--Hadrian and His Villa collected in Confronting the Classics by Mary Beard

[N.B.:  Mary Beard should write an updated The Prince.]

November  23,  2014

Patrick: Lagniappe

The Emperor Hadrian once went to the public baths and saw an old soldier rubbing his back against a wall.  Puzzled, he asked the old man what he was doing.  'Getting the marble to scrape the oil off,' the old man explained, 'because I can't afford a slave.'  The emperor immediately presented him with a team of slaves and the money for their upkeep.  A few weeks later, he was in the baths again.  Predictably, perhaps, he found a whole group of old men ostentatiously rubbing their backs against the wall, trying to cash in on his generosity.  He asked the same question and got the same response.  'But haven't you thought,' replied the canny emperor, 'of rubbing each other down?'

--Hadrian and His Villa collected in Confronting the Classics by Mary Beard

November  22,  2014

Patrick: Lagniappe

There is, however, a bigger question raised by Champlin's Nero, and by any biographical study, ancient or modern, of a Roman emperor: just how influential on the wider developments of Roman history was an individual ruler?  Imperial biographers are professionally committed to the idea that the emperor is crucial, and Champlin does his best to demonstrate that there was a significant imperial programme at work during this reign that can be raced back to Nero himself.  This approach would, no doubt, draw support from Tacitus' comments on the influence of changing rulers, the fear and flattery they provoked, on the pattern of Roman history writing.  But Tacitus could also be taken to support almost exactly the opposite position: namely, that so long as the right words were mouthed, praise and blame delivered in the expected quarters, business could go on as usual from reign to reign, no matter who was on the throne.  Even if you had been an elite ally of the last emperor, all that was required was some well-honed denunciation of the previous regime to keep your place in the new hierarchy.

--Nero's Colosseum? collected in Confronting the Classics by Mary Beard

November  21,  2014

Patrick: Lagniappe

There is also a wide range of more or less revealing anecdotes attached to [Livia's] name.  A fourth-century medical writer preserves a recipe for one of Livia's concoctions for sore throats and another for nervous exhaustion (without any hints of sinister side effects).  And from the vast compendium of useful knowledge assembled in the elder Pliny's Natural History, we learn that she put her longevity down to drinking wine from Friuli (a claim still used to advertise the vintage); and we glean hints of an unlikely rivalry between Livia and Augustus' granddaughter Julia over who owned the smallest dwarf (Julia won the male competition with a specimen of two foot five inches, Livia the female - height unspecified).

--Married to the Empire collected in Confronting the Classics by Mary Beard

November  20,  2014

Patrick: Lagniappe

The description of this procession [in honour of the god Dionysus, sponsored in the early third century BC by one of Cleopatra's predecessors on the throne, Ptolemy II 'Philadelphus' ('sister-lover')] oozes with amazement at the extraordinary spectacle.  Each of the floats required hundreds of men to pull them along, partly because of the ingenious, mechanical - and presumably very heavy - displays that they carried.  One of the highlights, and a triumph of Alexandrian engineering, was an eight-cubit-tall (approximately twelve feet) statue that 'stood up mechanically without anyone laying a hand on it and sat back down again when it had poured a libation of milk.'  Another attraction was the chariots not pulled by men or horses, but by ostriches.  Another was the 'wine-sack made of leopard skin and holding 3,000 measures', which gradually released its contents onto the processional route.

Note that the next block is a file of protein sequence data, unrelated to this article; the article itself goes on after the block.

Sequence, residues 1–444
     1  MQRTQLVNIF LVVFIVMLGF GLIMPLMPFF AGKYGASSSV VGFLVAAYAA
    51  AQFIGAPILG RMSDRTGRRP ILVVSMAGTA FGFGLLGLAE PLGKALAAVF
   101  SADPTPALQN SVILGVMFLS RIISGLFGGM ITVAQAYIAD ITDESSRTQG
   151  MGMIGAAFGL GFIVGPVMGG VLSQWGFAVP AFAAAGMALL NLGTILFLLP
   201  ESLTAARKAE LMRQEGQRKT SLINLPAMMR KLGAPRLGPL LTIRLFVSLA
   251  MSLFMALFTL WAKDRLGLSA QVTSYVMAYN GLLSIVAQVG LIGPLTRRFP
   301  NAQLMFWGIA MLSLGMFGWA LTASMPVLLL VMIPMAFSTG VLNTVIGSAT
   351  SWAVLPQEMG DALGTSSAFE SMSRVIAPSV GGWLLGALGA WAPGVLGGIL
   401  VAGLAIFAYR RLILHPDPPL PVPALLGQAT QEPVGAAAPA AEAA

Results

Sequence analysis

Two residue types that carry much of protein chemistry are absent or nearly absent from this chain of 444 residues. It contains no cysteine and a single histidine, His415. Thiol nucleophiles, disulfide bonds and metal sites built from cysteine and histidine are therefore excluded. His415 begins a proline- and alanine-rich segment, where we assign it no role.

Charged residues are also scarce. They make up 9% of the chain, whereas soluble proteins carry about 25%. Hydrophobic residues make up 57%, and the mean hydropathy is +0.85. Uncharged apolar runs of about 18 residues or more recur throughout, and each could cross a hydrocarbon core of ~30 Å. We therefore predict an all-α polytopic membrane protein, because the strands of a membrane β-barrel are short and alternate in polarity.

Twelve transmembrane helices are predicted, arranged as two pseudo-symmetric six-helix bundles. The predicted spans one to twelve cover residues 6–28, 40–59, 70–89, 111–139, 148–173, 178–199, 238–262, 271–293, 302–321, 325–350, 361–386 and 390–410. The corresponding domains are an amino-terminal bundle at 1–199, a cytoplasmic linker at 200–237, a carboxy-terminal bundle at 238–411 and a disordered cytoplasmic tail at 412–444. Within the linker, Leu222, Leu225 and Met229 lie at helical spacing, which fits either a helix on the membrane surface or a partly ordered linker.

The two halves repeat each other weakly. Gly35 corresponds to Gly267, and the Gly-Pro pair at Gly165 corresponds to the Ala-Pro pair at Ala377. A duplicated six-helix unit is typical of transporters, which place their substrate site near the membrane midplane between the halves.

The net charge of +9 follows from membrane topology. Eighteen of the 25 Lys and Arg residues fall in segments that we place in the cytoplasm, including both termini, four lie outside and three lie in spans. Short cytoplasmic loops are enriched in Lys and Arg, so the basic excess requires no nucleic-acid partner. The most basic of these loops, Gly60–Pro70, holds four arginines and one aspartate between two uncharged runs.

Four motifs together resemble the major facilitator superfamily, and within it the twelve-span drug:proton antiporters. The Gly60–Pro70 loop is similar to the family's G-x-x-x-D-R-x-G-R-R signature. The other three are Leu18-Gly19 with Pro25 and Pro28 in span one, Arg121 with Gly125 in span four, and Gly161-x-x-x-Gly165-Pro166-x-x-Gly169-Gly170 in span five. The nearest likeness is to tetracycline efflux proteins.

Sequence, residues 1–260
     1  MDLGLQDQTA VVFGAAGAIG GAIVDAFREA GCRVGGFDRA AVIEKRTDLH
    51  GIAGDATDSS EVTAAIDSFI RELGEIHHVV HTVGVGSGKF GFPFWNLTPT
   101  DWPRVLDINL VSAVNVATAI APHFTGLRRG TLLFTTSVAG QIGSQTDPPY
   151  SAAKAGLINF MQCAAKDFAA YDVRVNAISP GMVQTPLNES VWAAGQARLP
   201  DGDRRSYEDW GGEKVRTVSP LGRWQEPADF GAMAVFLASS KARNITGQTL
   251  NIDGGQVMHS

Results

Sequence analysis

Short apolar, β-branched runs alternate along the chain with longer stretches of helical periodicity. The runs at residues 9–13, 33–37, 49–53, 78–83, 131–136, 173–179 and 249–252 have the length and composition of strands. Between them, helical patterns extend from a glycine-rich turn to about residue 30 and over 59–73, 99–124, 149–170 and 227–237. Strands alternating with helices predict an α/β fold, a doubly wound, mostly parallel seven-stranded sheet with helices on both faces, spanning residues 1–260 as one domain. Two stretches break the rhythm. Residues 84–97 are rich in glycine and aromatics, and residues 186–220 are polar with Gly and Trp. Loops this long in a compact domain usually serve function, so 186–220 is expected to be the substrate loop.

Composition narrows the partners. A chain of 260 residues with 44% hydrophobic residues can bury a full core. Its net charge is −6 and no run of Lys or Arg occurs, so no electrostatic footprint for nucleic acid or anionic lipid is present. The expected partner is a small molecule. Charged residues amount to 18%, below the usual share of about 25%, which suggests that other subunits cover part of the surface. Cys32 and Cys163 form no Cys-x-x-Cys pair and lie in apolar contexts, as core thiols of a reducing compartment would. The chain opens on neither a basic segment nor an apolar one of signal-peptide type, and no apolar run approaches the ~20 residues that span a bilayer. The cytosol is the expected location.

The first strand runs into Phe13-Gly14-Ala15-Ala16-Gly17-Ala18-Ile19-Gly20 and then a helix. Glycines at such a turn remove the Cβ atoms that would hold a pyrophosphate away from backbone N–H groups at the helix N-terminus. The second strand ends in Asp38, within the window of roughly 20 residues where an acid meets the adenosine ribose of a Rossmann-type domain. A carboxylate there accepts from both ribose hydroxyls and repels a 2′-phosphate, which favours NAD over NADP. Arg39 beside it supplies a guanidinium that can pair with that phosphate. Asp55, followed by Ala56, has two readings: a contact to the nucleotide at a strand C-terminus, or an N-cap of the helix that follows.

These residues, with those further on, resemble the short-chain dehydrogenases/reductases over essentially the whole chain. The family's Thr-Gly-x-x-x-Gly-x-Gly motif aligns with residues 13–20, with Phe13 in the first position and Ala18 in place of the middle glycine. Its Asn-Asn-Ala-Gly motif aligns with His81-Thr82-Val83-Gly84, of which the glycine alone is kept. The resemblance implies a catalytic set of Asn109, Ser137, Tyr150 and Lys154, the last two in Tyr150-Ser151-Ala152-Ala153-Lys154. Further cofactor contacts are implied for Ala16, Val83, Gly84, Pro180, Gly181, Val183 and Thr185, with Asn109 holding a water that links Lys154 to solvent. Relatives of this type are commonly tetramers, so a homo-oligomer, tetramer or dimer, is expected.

--Cleopatra: The Myth collected in Confronting the Classics by Mary Beard

November  18,  2014

Patrick: Lagniappe

It concerns the period just after the Battle of Actium in 31 BC, at which Augustus (then known as Octavian, or just plain Caesar) defeated the forces of Antony and Cleopatra and effectively gained control of the entire Roman world.  He was met on his return to the capital by a man with a tame raven, which he had taught to say 'Greetings to Caesar, our victorious commander.'  Augustus was so impressed that he gave the man a substantial cash prize.  but it turned out that the bird's trainer had a partner who, when none of the 20,000 sesterces came his way, went to the emperor and explained that the man had another raven which he should be asked to produce.  Predictably, the pair had been hedging their bets: this bird squawked 'Greetings to Antony, our victorious commander.'  The emperor saw the funny side and did not get angry - but simply insisted that the prize money be shared between the two men.

--Looking for the Emperor collected in Confronting the Classics by Mary Beard

November  17,  2014

Patrick: Lagniappe

The fate of Gavius from the Sicilian town of Consa, who was flogged, tortured and crucified for being a spy, despite the fact that he was a Roman citizen and so legally protected from such treatment, has remained a powerful political symbol.  Gavius died with the words 'Ciis romanus sum' ('I am a Roman citizen') on his lips - a slogan that was later adopted by Lord Palmerston when he sent a gunboat in support of the British citizen Don Pacifico, who in 1847 had been attacked by an anti-Semitic crowd in Athens.  It was famously wheeled out again in 1963 by John F. Kennedy in Berlin: 'Two thousand years ago the proudest boast was "civis Romanus sum".  Today, in the world of freedom, the proudest boast is "ich bin ein Berliner".  Kennedy, presumably, did not know what happened to Gavius.

--Quousque Tandem ...? collected in Confronting the Classics by Mary Beard